Rome gives taxi drivers courses to learn manners and English

Smoke billows as taxi drivers stage a protest in front of the Italian Transports Ministry headquarters in Rome on Nov. 21, 2017. Taxi drivers across the country went on strike on that day to protest a government reform proposal that they say will deregulate the sector. (Angelo Carconi/ANSA via AP)
Updated 23 November 2017
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Rome gives taxi drivers courses to learn manners and English

ROME: Rome has started classes for hundreds of its taxi drivers to learn good manners and English.
The city said Thursday 750 drivers are slated to take eight classes of “practical” English, lessons about “cultural manners” as well as instructions on how to make visitors feel welcome in Italy’s capital.
In a country that greatly lives off tourism, Italians’ command of English and other foreign languages is often shaky in the sector.
Earlier this week, tourists had a hard time finding any Rome cabbie, well-mannered or not. The city’s cab drivers had joined a nationwide, day-long taxi strike to protest competition from Uber-style drivers as well as private entrepreneurs who have taken to buying sleek, black vans, getting local driver-for-hire licenses and driving small groups of tourists around town.


Saudi entrepreneur aims to revive Al-Balad

Saudi entrepreneur Abdullah Al-Hodaif has been passionate about art all his life. (Photos/Supplied)
Updated 26 May 2019
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Saudi entrepreneur aims to revive Al-Balad

  • Abdullah Al-Hodaif’s passion for art has led him to invest in a wide range of cultural projects

JEDDAH: Thirty-two-year-old Saudi entrepreneur Abdullah Al-Hodaif has been passionate about art all his life. He started collecting paintings in his warehouse when he was only six years old. By the time he was 16, his warehouse was filled with vintage art pieces.
After attaining his master’s degree from abroad, he was inspired by Saudi Vision 2030 upon his return to the Kingdom.
Today, Al-Hodaif has redecorated four buildings in Jeddah’s popular tourist attraction, Al-Balad.
They house Bait Al-Hodaif, a non-profit art organization, and include a small museum that consists of 14 rooms and displays items from the 1910s to the 1980s: artwork, photographs, newspapers and magazines, and nostalgic games such as Carrom, currencies from different Arab countries and more.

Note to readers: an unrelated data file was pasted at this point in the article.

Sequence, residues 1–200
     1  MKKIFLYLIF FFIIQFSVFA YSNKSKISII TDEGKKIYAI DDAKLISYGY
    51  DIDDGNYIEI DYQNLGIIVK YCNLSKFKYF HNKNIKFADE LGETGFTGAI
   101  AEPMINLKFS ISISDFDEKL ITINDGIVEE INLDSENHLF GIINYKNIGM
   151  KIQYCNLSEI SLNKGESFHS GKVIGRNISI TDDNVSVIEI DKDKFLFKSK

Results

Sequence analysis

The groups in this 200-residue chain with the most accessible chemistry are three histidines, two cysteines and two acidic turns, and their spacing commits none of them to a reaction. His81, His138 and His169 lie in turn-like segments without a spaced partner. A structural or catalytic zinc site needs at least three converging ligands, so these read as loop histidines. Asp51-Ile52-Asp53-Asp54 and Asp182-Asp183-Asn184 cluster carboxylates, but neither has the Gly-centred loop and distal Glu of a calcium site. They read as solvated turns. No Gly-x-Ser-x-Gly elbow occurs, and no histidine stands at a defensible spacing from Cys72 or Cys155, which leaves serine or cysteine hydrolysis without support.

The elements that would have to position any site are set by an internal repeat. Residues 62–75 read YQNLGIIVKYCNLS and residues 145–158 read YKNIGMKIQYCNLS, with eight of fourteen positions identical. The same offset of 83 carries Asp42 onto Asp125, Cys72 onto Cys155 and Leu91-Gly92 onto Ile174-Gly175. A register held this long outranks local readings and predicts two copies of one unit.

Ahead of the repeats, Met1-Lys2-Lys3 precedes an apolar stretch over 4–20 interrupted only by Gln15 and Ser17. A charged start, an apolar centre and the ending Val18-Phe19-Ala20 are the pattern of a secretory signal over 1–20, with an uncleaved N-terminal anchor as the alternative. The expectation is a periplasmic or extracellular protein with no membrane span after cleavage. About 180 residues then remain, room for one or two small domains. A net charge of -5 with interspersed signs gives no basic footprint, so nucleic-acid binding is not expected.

“It displays old Hejazi interiors, visitors can see how kitchens used to be, an old Majlis and games, televisions, newspapers. People can even host events there,” Al-Hodaif told Arab News.
Bait Al-Hodaif creates annual campaigns to redecorate the streets of Jeddah with graffiti and different artwork. Last Ramadan, they created eight projects in districts such as Al-Karantina, Al-Petromin and Al-Aziziyah.

BACKGROUND

• Bait Al-Hodaif’s mission is to promote Saudi art culture.

• The buildings of his projects are over 200 years old.

• Values: beauty, peace, kindness, giving, persistence and love.

• Bait Ziryab was named after Iraqi composer Ziryab.

• 90% of Bait Ziryab’s students are female.

“In the poorer areas, we created artwork in different districts and held recycling workshops for children. The aim of the artworks on the wall is to create a cheerful image for the children, for them to see one of their favorite cartoon characters on the wall,” Al-Hodaif told Arab News.
“We worked under seven values: Beauty, peace, kindness, giving, persistence and love. We paint the language of love and peace on the walls.
“This year, we created a project called Arbab Al-Jamal to beautify areas in Al-Balad — as seen on the roof of Al-Hodaif Museum — for all of Ramadan. The goal is to complete 11 artworks by the end of Ramadan.”
Al-Hodaif Museum consists of six floors and is one of the tallest buildings in Al-Balad.
“It offers weekly art workshops and classes for pottery, sketching and other forms of art. It also hosts events on a monthly basis, be they cultural, poetic, cinematic or musical.”
The museum also houses contemporary art. “I want the youth to come to historic Jeddah, not to see something old. Visitors have seen plenty of that. What I want to do is bring them through modern art and something new. The youth don’t want to see an old car or an old radio, they want to see art, but I want to show them art in a historic site.”
Al-Hodaif’s goal is not to bring back the past.

HIGHLIGHtS

• Provide a service that supports the thriving art scene in Saudi Arabia.

• Discover and support local artists and showcase their work locally and internationally.

• Provide the space and equip the artists with the appropriate resources to work.

• Instill values of peace through art.

• Offer educational workshops and courses to develop the skills of young talents.

“We combined the modern with the old. We are very much with the present times,” said Al-Hodaif.
Bait Ziryab is a music school that teaches Arabic music and promotes Arabic music culture. It offers lessons in Arabic instruments such as the oud, qanun and ney, and also offers lessons in Western instruments such as the piano.
“It was named after the most famous musician in Andalusia, Iraqi composer Ziryab, who migrated to Andalusia and was the first to open a music school that teaches the oud in Andalusia, and he taught the daughters of kings,” he told Arab News
Al-Hodaif established Arbab Al-Heraf, a platform that promotes the art and culture of Saudi Arabia, with a branch in Al-Balad and another in Al-Basateen district.